4) Give it one month before you go on ANY TV show or live piece, period.
I had the benefit of a great friend and television producer that helped guide my family through a lot of the mess. The truth of it was, as he pointed out to me, your family is ONLY going to be news the FIRST time you’re on the air. After that, no one cares. The networks will make every possible effort to woo you with all kinds of things, and make you all kinds of promises. Be honest with them all and tell them you’re considering your options and that you’ll let them know in x amount of days.
5) Choose ONE of each from TV, Radio, and Newspaper.
It’s true, they’re all clamoring to get your story for their respective audiences, get your opinion, etc. Find one that is the least of all evils and work with that one identity. If you tell them that up-front and they all know that you’ll only deal with one network, they’ll get their act together when they approach you. We chose the Today show for our family (more on that later) and we didn’t know until later that they made about $3 million dollars on that episode for about 15 minutes of our time, and that’s a very conservative estimate. Seems crazy doesn’t it? It’s hard to believe that kind of money can be made on a few minutes of your family’s time, but it’s true.
In my personal opinion, if you want to maintain your credibility, don’t let them pay you for it. Real media doesn’t pay for stories, with the exception of paying for your airfare, food, and accommodations during your travel to their show. People in general however, are stupid. They’re going to think you got paid tens of thousands of dollars for going on the air, when in fact it meant you had to take time away from your lives and do it for free. They’re never going to get that. Don’t sweat it. You can’t change the minds of everyone. Don’t try. Tell your story, tell it once, tell it openly, and most importantly, tell it the same every time. News media wants fresh sound bites. If you simply regurgitate the same phrase again and again, they’ll eventually get the hint.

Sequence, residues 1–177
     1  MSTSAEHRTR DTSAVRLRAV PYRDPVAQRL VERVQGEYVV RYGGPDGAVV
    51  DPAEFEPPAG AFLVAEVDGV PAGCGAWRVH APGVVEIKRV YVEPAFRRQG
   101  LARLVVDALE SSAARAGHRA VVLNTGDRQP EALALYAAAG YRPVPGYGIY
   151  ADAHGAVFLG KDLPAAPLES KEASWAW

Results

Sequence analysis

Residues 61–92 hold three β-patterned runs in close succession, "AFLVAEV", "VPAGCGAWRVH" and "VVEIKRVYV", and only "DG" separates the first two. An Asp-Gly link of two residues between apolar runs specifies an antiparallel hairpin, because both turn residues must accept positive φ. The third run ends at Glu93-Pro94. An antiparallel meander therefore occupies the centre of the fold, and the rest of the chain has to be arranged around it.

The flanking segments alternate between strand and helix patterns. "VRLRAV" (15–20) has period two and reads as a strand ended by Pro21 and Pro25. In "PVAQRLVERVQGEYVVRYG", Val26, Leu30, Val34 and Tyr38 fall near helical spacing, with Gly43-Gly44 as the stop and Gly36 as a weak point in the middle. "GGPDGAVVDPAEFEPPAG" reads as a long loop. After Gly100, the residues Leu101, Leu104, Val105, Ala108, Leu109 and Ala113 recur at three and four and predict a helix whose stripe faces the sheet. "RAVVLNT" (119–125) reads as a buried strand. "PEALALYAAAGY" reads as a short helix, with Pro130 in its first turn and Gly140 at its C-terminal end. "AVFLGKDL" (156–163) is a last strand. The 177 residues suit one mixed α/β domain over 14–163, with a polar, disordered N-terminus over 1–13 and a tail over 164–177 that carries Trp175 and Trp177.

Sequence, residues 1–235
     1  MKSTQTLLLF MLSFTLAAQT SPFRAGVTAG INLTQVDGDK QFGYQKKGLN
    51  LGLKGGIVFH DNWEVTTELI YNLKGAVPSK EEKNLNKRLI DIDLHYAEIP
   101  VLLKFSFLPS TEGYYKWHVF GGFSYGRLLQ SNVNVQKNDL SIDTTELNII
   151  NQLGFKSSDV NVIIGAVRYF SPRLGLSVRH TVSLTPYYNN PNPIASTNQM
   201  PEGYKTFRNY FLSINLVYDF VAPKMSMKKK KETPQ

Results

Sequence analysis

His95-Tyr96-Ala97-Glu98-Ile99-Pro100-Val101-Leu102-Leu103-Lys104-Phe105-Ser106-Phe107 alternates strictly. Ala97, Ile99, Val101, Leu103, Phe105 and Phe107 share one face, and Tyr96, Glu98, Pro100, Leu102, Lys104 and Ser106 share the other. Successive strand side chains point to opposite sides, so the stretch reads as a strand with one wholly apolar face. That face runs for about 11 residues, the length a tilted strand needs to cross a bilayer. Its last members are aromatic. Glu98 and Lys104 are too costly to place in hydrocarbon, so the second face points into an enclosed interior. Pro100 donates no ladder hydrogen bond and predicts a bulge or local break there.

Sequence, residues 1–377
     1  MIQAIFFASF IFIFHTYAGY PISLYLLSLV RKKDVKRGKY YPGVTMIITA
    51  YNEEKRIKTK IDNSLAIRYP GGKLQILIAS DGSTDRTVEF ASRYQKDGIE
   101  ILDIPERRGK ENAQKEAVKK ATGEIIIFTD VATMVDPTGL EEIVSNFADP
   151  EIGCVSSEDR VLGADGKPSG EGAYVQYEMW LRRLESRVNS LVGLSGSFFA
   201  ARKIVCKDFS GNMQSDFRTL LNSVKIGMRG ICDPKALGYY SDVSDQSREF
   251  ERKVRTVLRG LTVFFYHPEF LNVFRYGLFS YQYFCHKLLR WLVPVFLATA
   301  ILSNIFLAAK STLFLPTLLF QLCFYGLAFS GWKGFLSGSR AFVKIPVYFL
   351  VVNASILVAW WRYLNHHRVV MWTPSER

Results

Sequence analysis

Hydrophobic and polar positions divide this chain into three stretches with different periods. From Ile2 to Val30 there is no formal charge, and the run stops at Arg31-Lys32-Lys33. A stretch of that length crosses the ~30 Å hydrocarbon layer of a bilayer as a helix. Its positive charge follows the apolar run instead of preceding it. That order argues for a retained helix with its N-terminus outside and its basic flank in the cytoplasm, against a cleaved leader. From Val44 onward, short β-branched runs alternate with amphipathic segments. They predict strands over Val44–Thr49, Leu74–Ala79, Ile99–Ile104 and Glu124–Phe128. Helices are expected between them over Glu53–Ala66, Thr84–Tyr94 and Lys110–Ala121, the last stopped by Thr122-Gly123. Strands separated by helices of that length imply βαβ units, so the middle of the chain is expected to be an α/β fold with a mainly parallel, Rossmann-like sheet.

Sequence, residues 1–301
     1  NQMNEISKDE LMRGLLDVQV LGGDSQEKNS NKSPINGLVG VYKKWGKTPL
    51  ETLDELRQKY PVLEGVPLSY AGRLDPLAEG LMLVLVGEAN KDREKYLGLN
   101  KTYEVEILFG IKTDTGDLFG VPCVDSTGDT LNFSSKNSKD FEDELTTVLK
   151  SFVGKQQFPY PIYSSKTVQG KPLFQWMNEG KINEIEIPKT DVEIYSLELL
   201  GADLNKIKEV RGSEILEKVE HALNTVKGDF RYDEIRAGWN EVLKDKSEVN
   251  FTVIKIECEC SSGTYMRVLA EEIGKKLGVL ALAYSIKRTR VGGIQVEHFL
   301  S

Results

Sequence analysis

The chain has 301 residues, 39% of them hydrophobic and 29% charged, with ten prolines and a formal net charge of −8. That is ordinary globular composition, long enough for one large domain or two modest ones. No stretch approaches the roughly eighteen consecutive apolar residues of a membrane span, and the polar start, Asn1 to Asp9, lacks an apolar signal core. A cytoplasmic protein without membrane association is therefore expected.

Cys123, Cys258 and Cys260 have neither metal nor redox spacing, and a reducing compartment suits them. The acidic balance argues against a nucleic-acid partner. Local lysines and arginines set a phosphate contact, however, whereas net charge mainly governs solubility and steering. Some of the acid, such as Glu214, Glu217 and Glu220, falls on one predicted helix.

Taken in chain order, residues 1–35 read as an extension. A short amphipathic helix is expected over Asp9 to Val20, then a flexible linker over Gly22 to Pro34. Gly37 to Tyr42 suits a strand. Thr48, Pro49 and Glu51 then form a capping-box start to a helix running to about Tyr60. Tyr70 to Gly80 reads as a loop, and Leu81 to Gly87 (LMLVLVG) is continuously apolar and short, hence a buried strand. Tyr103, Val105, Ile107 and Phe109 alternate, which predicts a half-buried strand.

Having said that about refusing payment, I had the benefit of the best legal counsel money can buy. The Canning’s might not be in that situation, so if I were you, I might consider telling my story to one network for payment to cover your legal costs. I really don’t think anyone out there can fault you for that. (However, they still will.)
6) Record Everything
It doesn’t matter who you deal with; law enforcement, media, press, tv personalities, etc; you record EVERYTHING. There are plenty of free android and iPhone apps that allow you to record conversations. Every time I sat down at the table with NBC, ABC, or anyone else, I quietly and surreptitiously activated my recording app. They never knew it, because they lived up to their word and did as they said they would regarding our interview, so I never used it. However, to this day I still have every recording saved of everyone I talked to during that ordeal. Hopefully I’ll never need it, but you never know.
If you’re interested in options, here are the two apps I use, one for Android and one for IOS.
7) Protect your family’s image as best you can.